University News

TEDxBrownU showcases passions, individuality

Undergraduate speakers focus on topics tied to conference theme of ‘student voices’

Senior Staff Writer
Monday, April 7, 2014

Sahil Luthra ’14 emceed the TEDxBrownU conference, which featured seven undergraduate speakers selected from more than 30 applicants.

Students filled Salomon 001 to hear seven undergraduates give their “ideas worth spreading” at the TEDxBrownU conference Saturday.

Gaining the Student Activities Office’s approval as an official student group this year has allowed TEDxBrownU to “solidify our own identity,” said Emma Milward ’16, one of the conference’s organizers, as she congratulated each of the speakers.

Though the conference theme “Student Voices” may seem broad, Jessica Tabak GS, who worked on the conference in the past, advised the group to find a theme “that would not prompt or restrict the speakers,” Milward said. But “as the event blossomed,” the theme seemed appropriate and empowering, particularly in light of the shutdown of former New York City Police Commissioner Ray Kelly’s lecture last semester, she said.

Organizers wanted to “redefine and highlight the power of student voices,” rather than limit them, Milward said. More than 30 people auditioned to speak, and seven were chosen, she added.

The event was organized independently from the TED global conference forum.

Sahil Luthra ’14, a former Herald science and research editor, acted as emcee for the conference, while Cliff Weitzman ’16 kicked off the talks by explaining how to turn ideas into reality by offering three pieces of advice: Think of many ideas because getting good ideas is a numbers game, take advantage of the high density of smart and passionate people, and convince other people to contribute to ideas through passion.

All seven speakers at the TEDxBrownU conference offered ideas about unique passions — including caring for fish and communicating pain.

Sabrina Imbler ’16, a Herald features editor, spoke about how fish stereotypes contribute to their mistreatment. “Fish are magic,” Imbler said, adding that despite the stereotype that fish have a short-term memory, the animals have a memory span of up to three months and can tell time.

“Fish are complex, magnificent creatures, not low-maintenance pets,” she said. Most people do not know that fish bowls are actually a “silent assassin” because toxic ammonia builds up in the bowls, Imbler said, adding that she was banned from her local PetCo for trying to inform people of this issue.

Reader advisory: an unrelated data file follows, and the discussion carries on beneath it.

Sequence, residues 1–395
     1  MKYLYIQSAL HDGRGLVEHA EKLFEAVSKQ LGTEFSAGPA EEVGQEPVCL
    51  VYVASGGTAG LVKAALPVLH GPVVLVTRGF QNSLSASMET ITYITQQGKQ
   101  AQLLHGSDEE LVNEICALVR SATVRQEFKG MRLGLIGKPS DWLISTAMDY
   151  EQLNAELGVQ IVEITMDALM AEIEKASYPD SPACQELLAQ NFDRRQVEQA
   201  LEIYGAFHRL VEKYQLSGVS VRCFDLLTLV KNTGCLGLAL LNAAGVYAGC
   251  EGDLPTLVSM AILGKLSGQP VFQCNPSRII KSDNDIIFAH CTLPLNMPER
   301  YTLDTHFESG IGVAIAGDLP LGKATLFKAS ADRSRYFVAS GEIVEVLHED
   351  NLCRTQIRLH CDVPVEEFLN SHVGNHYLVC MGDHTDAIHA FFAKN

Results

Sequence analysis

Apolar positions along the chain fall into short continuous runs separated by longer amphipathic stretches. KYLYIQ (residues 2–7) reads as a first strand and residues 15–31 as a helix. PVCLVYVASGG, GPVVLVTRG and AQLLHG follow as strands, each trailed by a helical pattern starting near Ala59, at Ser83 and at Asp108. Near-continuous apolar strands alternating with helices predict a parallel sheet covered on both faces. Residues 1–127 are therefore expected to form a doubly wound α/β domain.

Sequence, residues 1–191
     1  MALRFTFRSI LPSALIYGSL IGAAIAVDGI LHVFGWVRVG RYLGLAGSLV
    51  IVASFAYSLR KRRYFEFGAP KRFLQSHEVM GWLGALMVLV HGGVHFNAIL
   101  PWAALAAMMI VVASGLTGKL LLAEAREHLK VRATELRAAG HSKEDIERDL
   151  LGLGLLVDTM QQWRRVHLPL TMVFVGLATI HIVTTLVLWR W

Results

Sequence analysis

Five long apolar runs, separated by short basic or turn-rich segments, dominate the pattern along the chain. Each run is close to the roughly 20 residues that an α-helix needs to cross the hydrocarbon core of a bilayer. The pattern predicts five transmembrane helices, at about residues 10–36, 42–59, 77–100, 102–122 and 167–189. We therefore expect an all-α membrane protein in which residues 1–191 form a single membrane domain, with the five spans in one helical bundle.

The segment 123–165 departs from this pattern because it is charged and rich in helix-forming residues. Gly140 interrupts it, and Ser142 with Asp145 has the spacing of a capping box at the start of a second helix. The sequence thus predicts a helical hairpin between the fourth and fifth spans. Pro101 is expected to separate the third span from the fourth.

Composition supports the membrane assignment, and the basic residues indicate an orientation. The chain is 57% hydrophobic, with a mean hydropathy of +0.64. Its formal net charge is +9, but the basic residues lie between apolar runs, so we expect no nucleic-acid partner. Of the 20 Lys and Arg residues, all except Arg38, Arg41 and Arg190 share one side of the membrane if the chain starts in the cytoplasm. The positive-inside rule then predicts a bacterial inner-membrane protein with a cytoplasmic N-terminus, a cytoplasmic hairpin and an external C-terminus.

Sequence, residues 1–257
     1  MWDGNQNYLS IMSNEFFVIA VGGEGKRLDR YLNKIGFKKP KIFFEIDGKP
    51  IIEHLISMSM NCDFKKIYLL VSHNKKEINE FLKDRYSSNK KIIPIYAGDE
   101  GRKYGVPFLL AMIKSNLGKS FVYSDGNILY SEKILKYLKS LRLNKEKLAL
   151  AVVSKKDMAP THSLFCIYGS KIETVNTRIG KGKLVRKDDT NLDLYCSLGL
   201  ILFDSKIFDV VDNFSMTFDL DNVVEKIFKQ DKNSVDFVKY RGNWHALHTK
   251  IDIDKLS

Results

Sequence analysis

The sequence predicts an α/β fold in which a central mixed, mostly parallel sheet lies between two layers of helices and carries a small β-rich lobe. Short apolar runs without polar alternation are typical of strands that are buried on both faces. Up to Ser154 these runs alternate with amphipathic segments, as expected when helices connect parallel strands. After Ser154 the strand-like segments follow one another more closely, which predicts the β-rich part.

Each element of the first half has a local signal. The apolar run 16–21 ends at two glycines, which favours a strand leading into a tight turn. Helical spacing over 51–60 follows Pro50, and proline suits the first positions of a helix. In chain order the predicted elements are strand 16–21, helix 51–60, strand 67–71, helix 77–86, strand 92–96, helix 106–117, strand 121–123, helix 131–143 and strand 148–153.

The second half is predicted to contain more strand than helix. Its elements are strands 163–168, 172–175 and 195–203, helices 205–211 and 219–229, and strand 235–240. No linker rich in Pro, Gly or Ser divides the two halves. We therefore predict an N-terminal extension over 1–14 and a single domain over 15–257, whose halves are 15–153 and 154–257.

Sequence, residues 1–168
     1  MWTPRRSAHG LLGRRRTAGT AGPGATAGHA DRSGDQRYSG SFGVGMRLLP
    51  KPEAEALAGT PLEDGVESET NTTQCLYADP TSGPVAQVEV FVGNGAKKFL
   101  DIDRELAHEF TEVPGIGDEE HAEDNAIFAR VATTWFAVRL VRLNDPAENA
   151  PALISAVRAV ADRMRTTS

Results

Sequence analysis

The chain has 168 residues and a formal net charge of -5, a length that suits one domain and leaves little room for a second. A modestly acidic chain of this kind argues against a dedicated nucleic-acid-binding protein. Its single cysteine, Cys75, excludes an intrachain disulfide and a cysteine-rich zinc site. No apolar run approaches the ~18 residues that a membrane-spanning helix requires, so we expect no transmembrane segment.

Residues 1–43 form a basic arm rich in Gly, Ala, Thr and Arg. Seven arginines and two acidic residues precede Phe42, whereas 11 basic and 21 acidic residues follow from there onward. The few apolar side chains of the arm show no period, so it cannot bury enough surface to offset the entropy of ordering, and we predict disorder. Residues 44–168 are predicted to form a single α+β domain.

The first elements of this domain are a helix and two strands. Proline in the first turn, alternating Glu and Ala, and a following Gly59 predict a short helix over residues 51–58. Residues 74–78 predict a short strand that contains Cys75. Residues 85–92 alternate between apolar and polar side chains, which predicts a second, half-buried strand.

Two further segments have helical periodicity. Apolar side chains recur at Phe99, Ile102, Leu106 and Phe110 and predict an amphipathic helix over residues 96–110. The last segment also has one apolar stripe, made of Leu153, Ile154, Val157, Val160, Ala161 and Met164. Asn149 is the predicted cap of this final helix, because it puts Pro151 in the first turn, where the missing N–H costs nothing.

In his lecture, Ethan Blake ’17 pondered “To Loop or Not to Loop,” focusing on the struggle between the purity of acoustic music and the power of electronic music. Blake drew the connection between tainting rich black coffee with cream and sugar and ruining acoustic music with electronic production. But “there’s a fine line between acoustic and electronic music,” said Blake.

After recounting a short history of the microphone’s use in live music over a loop he created using his guitar, Blake asked, “Can we consider the microphone to be the first significant step towards the advent of electronic music? Also, does it sprinkle a little sugar in your morning java?”

After a short break, Alexandra Urban ’15, a Herald photographer, said in her talk that “if you teach to how the brain is organized, it actually improves learning.” Both creating positive environments and achievable challenges and using different senses to teach students can contribute to student learning, she said.

Urban recounted a time she was tutoring physics in high school. She had her students make paper airplanes to teach the concept of lift. “We actually ended up throwing the airplanes off of the second-story balcony into our all-school dining hall. It was quite a learning experience for all students, not to mention the teachers,” she said.

Amelia Friedman ’14, who learned Bengali through the Brown Student Language Exchange, spotlighted U.S. students’ lack of knowledge about non-Western languages. “Ninety-five percent of American college students in a language course are studying a European language,” she said, adding that this exclusion of non-Western languages limits who is invited into the international conversation.

“As we prepare the next generation of global leaders, we need to consider how we’re preparing to communicate with their peers around the world,” she said. “How is our education preparing us to communicate with people around the world who do not have the benefit of an education?”

Melody Cao ’16, The Herald’s director of business development, challenged audience members to think of bugs as food while juggling a plethora of puns. Cao showed engaging graphics demonstrating the nutrition and sustainability of entomophagy — the practice of eating bugs.

Most people already eat bugs in some form, she said, as there are around 130 insect fragments per 100 grams of wheat flour we eat, and cricket flour prompts no problems for those allergic to gluten, dairy or soy.

Emily Fu ’15, who was unable to attend the event, delivered her talk, entitled “Pain Narratives,” through a pre-recorded video. Medical professionals ask patients to rate their pain on a scale of one to 10. But this scale is very subjective because people’s pain tolerances can vary greatly, she added.

There are many different ways to demonstrate pain, and it is necessary to merge storytelling with the science of pain, Fu said.

After the event, a small reception allowed the speakers to mingle with the audience members. The three organizers of the event — Milward, Rebecca Carrol ’15 and Loren Dowd ’16, a Herald assistant design editor — said they hope this conference will generate more momentum so it can become an annual event.